If the coronavirus outbreak wasn’t deadly enough, China is now facing the bout of swine flu with as many as 56 deaths reported in Taiwan. By Bayar Jain

At a time when the world is panicking over the deadly coronavirus, Taiwan is having to deal with the spread of Swine flu as well. With 10 confirmed cases of the coronavirus in Taiwan so far, the number of deaths due to this H1N1 flu is significantly higher at 56. According to Taiwan’s Centres for Disease Control (CDC), this number accumulated over the past three months. Moreover, according to local news media, 13 deaths have been recorded in the past week. These deaths were of people aged between 47 and 97, including an 80-year-old woman who developed a fever in late December, eventually dying of pneumonia and respiratory failure in hospital. Of the severe cases, 41 per cent of the patients are older than 65; while another 32 per cent are in the 50-64 age group.

In order to combat the influenza, the CDC is operating a seasonal influenza vaccination campaign since November 15. As a part of this campaign, locals – separated into three categories: elementary to high school; health care workers; and senior citizens – are being given free shots. However, despite this initiative, citizens have not reaped the benefits. This is evidenced by the fact that 98 per cent of the influenza patients had not received any flu vaccines, and almost 80 per cent of them have chronic diseases.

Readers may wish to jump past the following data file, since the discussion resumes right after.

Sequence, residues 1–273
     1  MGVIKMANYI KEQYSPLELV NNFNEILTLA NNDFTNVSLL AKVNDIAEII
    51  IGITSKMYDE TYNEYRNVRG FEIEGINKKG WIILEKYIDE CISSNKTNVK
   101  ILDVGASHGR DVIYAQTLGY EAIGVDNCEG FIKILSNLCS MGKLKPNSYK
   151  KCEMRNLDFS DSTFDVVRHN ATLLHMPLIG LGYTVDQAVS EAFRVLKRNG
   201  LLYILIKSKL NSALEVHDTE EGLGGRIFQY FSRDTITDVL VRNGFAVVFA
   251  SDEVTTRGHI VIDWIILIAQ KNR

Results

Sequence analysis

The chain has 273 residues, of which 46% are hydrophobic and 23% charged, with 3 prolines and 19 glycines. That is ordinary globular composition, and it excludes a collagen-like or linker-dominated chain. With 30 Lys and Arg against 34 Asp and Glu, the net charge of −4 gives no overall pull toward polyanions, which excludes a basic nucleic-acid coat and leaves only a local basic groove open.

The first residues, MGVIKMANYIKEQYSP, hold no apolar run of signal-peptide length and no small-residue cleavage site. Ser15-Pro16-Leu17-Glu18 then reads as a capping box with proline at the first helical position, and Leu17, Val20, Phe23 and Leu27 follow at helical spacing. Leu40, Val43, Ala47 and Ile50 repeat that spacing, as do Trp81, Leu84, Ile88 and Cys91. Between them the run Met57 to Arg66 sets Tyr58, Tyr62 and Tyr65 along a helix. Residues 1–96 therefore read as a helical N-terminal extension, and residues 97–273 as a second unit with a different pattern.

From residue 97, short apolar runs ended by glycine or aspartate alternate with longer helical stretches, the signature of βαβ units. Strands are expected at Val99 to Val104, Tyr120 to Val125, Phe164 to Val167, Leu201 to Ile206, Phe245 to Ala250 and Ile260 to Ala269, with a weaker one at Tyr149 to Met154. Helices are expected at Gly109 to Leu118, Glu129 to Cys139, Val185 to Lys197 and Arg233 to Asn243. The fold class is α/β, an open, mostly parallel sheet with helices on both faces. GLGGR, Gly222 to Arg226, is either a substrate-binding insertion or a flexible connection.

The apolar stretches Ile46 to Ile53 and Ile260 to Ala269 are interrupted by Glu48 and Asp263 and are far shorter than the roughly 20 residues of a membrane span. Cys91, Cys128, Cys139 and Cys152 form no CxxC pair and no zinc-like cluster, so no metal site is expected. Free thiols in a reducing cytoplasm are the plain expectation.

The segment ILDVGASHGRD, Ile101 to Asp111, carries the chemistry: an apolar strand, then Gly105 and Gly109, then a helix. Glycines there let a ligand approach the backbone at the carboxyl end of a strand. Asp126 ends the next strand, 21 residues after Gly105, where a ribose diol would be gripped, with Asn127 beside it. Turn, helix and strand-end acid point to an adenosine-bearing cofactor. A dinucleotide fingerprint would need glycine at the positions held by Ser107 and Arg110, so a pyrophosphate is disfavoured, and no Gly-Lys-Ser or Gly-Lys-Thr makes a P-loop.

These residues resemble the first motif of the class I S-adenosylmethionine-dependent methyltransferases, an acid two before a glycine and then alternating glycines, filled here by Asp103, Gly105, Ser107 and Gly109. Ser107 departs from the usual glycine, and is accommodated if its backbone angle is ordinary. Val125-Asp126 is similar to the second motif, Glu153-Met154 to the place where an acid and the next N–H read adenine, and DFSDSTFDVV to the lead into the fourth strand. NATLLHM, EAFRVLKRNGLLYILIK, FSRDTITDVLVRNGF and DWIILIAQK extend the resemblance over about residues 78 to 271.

In India, the first case of influenza H1N1 was reported on May 16, 2009 from Hyderabad. That year, 981 people were killed in India due to the virus, whereas in the following year the number rose to 1,763. The ten-year period between 2009 to 2019 registered more than 1,37,323 cases and 10,614 deaths in India, making it one of the worst outbreaks of swine flu in the world. In 2020, one person from Greater Noida has been tested positive for swine flu, making it the first Indian case this year.

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